‘A valuable & extensive library’: Tim Munby’s book sales catalogues

The Library holds extensive collections of books on bibliography, including on the history of libraries and collecting. One of the primary sources for understanding the trade in and collecting of books and manuscripts over the centuries is catalogues – published by booksellers and auction houses – which were use to sell collections at fixed prices or auctioned to the highest bidder. These have come onto the Library’s shelves from a number of routes, including early donors (we have some late seventeenth-century auction catalogues used by John Moore, Bishop of Ely, to acquire books for the vast library which came to us in 1715) and via legal deposit (we still receive printed copies of auction catalogues from major London houses). An earlier post gives more information on this complicated history. Our collection was greatly enriched in 1975 with the arrival of a large portion of the library of A. N. L. (Tim) Munby (1913-74), ghost story writer, bookseller, librarian (of King’s College Cambridge) and biographer of the great nineteenth-century collector Sir Thomas Phillipps.

The collection contains about 1800 volumes, primarily catalogues of various kinds, and focused on English sales of the eighteenth and nineteenth centuries. Although the majority was catalogued soon after the books arrived, a portion remained uncatalogued: approximately 750 primarily nineteenth-century auction and bookseller catalogues bound up into 115 volumes, including long runs from auction house Evans (280 catalogues in 33 volumes), and booksellers Rodd (85 catalogues in 19 volumes) and Thorpe (c. 130 catalogues in 45 volumes). It was fairly standard in the 1970s for libraries like the UL not to fully catalogue material considered ‘ephemeral’ and for fifty years the only way to access these was by consulting either the typescript list of Munby’s library, or one of the Library’s copies of the List of catalogues of English book sales, 1676-1900, now in the British Museum (published in 1915) annotated with our shelfmarks.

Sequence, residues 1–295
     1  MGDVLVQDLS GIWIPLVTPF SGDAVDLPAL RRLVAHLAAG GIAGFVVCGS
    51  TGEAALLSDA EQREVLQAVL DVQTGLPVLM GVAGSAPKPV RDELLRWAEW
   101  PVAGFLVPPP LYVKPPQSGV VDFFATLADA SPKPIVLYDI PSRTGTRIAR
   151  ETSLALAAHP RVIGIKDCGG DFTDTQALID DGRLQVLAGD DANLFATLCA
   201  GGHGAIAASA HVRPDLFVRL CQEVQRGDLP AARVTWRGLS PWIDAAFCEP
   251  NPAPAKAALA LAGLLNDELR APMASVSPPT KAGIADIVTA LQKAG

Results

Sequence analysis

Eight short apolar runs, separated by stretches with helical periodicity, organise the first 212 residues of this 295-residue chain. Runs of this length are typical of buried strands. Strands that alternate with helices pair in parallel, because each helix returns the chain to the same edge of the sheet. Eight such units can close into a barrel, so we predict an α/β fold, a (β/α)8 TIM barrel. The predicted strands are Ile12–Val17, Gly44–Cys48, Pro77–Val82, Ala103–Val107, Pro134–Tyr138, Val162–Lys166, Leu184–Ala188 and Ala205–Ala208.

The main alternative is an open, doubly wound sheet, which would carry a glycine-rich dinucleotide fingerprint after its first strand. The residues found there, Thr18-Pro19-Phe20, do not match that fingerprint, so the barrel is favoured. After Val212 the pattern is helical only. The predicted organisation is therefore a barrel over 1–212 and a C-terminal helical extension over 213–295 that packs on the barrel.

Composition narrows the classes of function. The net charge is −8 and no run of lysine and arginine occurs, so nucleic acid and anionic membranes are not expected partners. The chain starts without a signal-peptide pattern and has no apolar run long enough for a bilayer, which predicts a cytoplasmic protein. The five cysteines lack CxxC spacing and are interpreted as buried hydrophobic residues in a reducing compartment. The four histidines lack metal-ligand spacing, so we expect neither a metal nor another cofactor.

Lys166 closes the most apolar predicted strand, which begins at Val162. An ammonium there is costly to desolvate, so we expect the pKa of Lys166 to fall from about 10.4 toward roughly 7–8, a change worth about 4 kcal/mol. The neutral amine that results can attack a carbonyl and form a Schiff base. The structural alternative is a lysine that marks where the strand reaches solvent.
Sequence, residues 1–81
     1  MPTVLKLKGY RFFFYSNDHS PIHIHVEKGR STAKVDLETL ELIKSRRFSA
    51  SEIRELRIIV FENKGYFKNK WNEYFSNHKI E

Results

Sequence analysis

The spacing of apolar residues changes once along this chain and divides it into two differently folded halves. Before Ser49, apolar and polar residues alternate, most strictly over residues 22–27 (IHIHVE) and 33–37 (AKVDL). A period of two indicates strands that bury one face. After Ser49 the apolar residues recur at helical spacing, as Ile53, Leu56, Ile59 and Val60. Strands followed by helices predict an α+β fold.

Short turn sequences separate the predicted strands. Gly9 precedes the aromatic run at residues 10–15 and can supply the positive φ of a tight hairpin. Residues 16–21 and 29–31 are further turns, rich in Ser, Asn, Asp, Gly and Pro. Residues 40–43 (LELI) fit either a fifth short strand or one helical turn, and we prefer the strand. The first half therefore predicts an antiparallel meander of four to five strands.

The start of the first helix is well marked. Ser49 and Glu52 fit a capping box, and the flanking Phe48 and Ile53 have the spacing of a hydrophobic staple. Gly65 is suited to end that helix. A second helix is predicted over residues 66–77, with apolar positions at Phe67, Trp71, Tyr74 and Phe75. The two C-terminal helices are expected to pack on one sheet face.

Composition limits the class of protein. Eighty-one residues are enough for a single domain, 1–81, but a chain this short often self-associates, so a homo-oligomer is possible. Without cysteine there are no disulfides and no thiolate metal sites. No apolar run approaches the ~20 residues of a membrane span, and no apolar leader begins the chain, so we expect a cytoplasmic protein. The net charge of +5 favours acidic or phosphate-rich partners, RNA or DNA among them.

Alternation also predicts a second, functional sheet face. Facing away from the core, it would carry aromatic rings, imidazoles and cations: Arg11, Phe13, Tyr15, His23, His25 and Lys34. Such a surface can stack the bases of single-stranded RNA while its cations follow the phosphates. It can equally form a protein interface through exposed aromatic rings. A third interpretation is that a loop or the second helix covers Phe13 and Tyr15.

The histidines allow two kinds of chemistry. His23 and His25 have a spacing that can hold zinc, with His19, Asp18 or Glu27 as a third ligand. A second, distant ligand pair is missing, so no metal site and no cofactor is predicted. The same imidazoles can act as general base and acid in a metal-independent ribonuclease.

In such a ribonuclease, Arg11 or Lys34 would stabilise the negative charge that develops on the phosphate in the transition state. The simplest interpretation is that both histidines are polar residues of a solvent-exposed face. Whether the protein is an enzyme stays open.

Munby’s annotated & interleaved copy of the list of sale catalogues in the British Museum (Munby.c.532)

Over the last year I have been working through these volumes to create individual catalogue records for the majority, making them much more easily findable, and recording copy-specific information such as contemporary manuscript price/buyer notes and evidence of consignor names for otherwise anonymous sales. This has been slow work: as many as 20 or 25 individual catalogues have been bound together into a single volume, and this might take half a day to catalogue. Many catalogues are not recorded in LibraryHub Discover (formerly COPAC) and although the British Library has its own extensive runs of catalogues (in some cases the auctioneers’ or bookseller’s own copies) some of ours appear not to be held in any other Library (or at least, are not catalogued). This means that records have had to be created from scratch for most, rather than downloading existing ones. Of the 115 bound volumes sitting at Munby.c.114-231, the first 52 volumes (containing in the region of 530 individual sale catalogues) are now catalogued in full to item level. These generally represent libraries of named individuals (often more than one per catalogue). The sets of bookseller’s catalogues at Munby.c.169-87 (Rodd) and Munby.c.188-231 (Thorpe) have not been catalogued individually, since these are general sales rather than sales of named collections, but both runs now have vastly improved catalogue records (Rodd with simple contents lists for each volume) which will allow much easier discovery for readers. In this post I’d like to give a sense of the range of catalogues to be found and discuss a few highlights.